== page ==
NASA’s Planetary Defence Spacecraft is Set To Undergo it's First Real World Test
NASA, The National Aeronautics and Space Administration, has put forward its plans to begin real-world testing of its brand new planetary defense system in the next couple of years which is a huge leap in the right direction for NASA, defense, and overall, planet earth.
Asteroids still pose a major threat to humans and all life on earth. Even just a moderately sized asteroid could lead to apocalyptic like events and end many many lives. As most people will agree, it was asteroids that killed all the dinosaurs. If they can completely eradicate an entire species much larger and arguably more powerful than humans, then we should be very very worried.
The new test is nicknamed the Double Asteroid Redirection Test, or DART for short. What will happen is, the DART spacecraft will be sent on a mission directly on a collision course with a non-threatening asteroid called Didymos. Then NASA will be able to test the ability of the spacecraft at redirecting the direction of the celestial object, just as if it were heading for earth and needed to be stopped.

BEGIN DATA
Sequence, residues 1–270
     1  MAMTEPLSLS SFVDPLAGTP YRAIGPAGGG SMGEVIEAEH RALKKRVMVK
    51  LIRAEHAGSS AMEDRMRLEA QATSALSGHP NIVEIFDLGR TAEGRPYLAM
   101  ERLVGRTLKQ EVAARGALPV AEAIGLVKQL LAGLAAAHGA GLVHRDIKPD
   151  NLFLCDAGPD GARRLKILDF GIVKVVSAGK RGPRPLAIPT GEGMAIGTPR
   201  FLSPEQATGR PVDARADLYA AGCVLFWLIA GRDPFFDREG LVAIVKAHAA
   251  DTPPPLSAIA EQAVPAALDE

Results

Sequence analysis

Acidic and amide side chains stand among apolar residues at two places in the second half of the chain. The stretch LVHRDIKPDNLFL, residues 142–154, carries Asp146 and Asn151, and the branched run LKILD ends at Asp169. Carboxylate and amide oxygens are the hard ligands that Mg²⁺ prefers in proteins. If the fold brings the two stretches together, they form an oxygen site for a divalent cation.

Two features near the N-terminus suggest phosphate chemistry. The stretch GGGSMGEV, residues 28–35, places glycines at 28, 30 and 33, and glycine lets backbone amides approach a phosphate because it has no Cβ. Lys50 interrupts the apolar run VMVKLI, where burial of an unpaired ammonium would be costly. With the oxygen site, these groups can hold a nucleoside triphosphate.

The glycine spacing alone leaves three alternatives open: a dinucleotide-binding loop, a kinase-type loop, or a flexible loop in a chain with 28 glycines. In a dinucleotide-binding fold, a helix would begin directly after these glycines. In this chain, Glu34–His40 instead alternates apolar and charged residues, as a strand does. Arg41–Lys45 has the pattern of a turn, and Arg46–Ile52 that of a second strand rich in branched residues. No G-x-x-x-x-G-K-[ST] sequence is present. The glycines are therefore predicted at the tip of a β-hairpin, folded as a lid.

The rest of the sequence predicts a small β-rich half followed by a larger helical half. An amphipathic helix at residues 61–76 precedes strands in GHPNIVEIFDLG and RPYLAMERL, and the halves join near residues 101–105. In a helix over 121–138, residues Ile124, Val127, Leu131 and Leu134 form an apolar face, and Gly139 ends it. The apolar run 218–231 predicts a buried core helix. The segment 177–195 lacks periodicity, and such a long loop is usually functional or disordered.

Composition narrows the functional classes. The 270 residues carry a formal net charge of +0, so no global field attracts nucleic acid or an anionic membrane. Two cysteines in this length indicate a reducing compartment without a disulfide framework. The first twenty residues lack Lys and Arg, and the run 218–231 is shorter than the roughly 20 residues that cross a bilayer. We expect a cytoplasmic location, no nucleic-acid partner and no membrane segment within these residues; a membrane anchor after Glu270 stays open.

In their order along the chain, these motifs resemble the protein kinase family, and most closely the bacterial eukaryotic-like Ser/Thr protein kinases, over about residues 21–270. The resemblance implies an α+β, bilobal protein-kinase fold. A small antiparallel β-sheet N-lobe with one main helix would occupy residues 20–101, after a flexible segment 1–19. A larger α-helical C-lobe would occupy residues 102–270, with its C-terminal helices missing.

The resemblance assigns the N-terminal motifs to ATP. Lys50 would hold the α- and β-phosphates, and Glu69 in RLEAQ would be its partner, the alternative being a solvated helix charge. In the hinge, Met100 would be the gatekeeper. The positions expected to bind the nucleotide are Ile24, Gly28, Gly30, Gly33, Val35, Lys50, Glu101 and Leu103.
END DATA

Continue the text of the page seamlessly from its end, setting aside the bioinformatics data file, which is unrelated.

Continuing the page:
The size of Didymos is the same as any other asteroid that poses quite a common threat to earth which is what makes this experiment so useful. The asteroid is approximately 800 meters across, and its secondary body or “moonlet” has a 150-meter size.
Around 11 million kilometers from Earth, DART will deliberately crash into Didymos’ moonlet at a speed of around 6 km/s. Accuracy will be ensured by using the sophisticated navigation software onboard the DART spacecraft. This will be the first example of the kinetic impact technique to change the motion of an asteroid in space. The propulsion system used will be the NASA Evolutionary Xenon Thruster - Commerical (NEXT-C), which will be an efficient way of reaching the target on schedule.
When is this happening?
NASA is expecting to launch the DART spacecraft in late December 2020 and through May 2021, with impact expected in October 2022, which isn't that long away now.
I think this is very exciting news and am glad NASA is undertaking such tests and measures to ensure the safety and continuity of the human race.